Formulations for Analgesia - Extended Release and Dosage Forms Flashcards Preview

#B32PAI Pharmaceutics > Formulations for Analgesia - Extended Release and Dosage Forms > Flashcards

Flashcards in Formulations for Analgesia - Extended Release and Dosage Forms Deck (7)
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1

What are the two types of extended release and why are they used?

1. Prompt achievement of plasma concentration of drug remains constant value within therapeutic range for a satisfactory amount of time
2. Prompt achievement of plasma concentration of drug and declines at a slow rate within the therapaeutic range

2

What are sublingual tablets?

Transmucosal delivery in oral cavity
Small/porous fast disintegrating tablet placed under tongue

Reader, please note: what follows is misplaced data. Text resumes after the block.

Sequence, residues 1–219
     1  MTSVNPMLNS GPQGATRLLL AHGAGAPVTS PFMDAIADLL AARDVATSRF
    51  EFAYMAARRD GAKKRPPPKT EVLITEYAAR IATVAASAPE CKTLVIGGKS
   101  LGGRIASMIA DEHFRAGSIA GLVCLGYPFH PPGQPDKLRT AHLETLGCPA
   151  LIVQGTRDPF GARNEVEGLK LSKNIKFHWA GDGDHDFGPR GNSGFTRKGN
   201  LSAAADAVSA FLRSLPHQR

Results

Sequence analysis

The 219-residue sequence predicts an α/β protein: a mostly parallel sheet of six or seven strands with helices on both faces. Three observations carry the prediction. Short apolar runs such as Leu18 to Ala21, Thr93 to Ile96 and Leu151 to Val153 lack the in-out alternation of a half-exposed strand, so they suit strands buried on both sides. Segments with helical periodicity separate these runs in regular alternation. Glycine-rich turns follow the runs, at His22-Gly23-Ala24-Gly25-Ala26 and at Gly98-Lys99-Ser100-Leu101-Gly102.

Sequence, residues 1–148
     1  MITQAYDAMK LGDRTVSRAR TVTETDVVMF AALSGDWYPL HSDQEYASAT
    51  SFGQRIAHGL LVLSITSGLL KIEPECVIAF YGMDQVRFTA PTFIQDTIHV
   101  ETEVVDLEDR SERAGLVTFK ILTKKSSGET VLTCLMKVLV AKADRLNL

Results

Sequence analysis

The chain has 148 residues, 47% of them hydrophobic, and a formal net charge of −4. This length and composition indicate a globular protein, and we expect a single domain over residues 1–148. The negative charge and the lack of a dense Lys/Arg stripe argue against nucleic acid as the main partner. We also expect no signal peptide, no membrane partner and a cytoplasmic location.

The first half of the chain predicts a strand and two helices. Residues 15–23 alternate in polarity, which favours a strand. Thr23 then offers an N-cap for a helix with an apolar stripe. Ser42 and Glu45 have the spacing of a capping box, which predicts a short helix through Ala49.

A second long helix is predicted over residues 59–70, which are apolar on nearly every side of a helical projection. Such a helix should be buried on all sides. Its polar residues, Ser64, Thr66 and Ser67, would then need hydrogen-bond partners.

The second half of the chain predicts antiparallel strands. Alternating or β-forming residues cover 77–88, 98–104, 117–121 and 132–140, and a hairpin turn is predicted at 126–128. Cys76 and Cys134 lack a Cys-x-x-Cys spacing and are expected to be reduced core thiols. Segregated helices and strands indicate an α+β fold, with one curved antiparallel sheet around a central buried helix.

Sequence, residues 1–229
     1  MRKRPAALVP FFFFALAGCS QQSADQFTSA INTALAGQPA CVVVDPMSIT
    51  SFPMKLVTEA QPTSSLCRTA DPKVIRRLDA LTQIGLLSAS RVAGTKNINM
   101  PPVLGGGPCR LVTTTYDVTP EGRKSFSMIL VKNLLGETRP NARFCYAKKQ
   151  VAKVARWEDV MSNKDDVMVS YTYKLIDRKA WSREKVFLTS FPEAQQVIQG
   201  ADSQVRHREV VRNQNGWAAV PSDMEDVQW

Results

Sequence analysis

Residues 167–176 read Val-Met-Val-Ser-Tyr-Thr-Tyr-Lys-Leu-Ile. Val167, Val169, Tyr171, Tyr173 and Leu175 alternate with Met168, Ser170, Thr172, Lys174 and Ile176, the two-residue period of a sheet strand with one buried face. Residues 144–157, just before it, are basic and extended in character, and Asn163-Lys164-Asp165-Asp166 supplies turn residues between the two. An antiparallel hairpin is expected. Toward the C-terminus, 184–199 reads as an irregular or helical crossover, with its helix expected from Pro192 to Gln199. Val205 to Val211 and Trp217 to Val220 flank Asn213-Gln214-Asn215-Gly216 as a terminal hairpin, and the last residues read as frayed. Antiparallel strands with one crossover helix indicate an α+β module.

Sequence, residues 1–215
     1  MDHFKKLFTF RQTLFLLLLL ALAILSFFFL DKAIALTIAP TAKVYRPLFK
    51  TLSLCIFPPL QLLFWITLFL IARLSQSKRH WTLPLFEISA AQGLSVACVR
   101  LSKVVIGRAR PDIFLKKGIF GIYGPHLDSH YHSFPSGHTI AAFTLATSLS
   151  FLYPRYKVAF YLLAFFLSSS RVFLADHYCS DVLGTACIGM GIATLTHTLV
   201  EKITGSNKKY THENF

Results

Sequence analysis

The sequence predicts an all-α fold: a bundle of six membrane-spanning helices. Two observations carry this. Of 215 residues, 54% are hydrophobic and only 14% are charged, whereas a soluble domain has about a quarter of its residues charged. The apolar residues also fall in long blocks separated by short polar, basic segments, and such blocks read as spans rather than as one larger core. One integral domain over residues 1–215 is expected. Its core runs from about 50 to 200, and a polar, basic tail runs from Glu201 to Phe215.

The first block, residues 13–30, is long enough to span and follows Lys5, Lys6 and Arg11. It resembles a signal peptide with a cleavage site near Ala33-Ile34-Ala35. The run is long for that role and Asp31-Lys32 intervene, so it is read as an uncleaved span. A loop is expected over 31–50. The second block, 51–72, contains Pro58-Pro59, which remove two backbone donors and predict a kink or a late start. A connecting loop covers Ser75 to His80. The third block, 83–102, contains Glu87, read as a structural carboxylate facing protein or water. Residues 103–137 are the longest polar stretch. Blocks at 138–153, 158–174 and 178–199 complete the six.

3

What are dispersible tablets and why are they used?

Useful in patients with difficulty swallowing
Dropped into a glass of water, CO2 liberated
-reaction of carbonate/bicarbonate with a weak acid such as citric acid

Fast disintegration and dissolution of the drug
Buffered water increases the pH of the stomach so faster emptying /shorter residence so reaches the small intestine quicker (main site of absorption)

4

What are suspensions?

Drug in solid phase (powder) suspending in a liquid formulation
A solid in liquid colloid us called a suspension

5

When are suspensions used?

Often in children
Antacids, antibiotics, antifungals, analgesics

6

How can suspensions become unstable?

Flocculation, aggregation (reversible)
Sedimentation and Ostwald ripening

7

What are fast dissolving oral delivery systems?

Solid dosage forms that dissolve rapidly in the oral cavity that results in solution or suspension (no need for water)
Dissolves and disperses in saliva
Potential for increased absorption as portion of drug may be absorbed in mouth, pharynx or oesophagus